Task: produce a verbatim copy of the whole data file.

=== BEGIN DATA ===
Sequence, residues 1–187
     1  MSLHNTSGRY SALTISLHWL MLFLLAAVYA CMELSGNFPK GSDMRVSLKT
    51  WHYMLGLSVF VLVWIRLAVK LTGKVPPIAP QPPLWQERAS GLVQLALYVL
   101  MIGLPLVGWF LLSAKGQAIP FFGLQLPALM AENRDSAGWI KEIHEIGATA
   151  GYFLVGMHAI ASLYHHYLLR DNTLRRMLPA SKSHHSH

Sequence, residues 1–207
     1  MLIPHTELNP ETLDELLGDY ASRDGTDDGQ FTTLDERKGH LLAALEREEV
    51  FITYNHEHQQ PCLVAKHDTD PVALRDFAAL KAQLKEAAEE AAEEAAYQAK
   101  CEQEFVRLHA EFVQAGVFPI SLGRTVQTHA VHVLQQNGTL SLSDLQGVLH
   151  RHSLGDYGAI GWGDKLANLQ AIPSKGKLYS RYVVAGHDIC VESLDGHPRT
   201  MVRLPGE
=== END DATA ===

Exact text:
Sequence, residues 1–187
     1  MSLHNTSGRY SALTISLHWL MLFLLAAVYA CMELSGNFPK GSDMRVSLKT
    51  WHYMLGLSVF VLVWIRLAVK LTGKVPPIAP QPPLWQERAS GLVQLALYVL
   101  MIGLPLVGWF LLSAKGQAIP FFGLQLPALM AENRDSAGWI KEIHEIGATA
   151  GYFLVGMHAI ASLYHHYLLR DNTLRRMLPA SKSHHSH

Sequence, residues 1–207
     1  MLIPHTELNP ETLDELLGDY ASRDGTDDGQ FTTLDERKGH LLAALEREEV
    51  FITYNHEHQQ PCLVAKHDTD PVALRDFAAL KAQLKEAAEE AAEEAAYQAK
   101  CEQEFVRLHA EFVQAGVFPI SLGRTVQTHA VHVLQQNGTL SLSDLQGVLH
   151  RHSLGDYGAI GWGDKLANLQ AIPSKGKLYS RYVVAGHDIC VESLDGHPRT
   201  MVRLPGE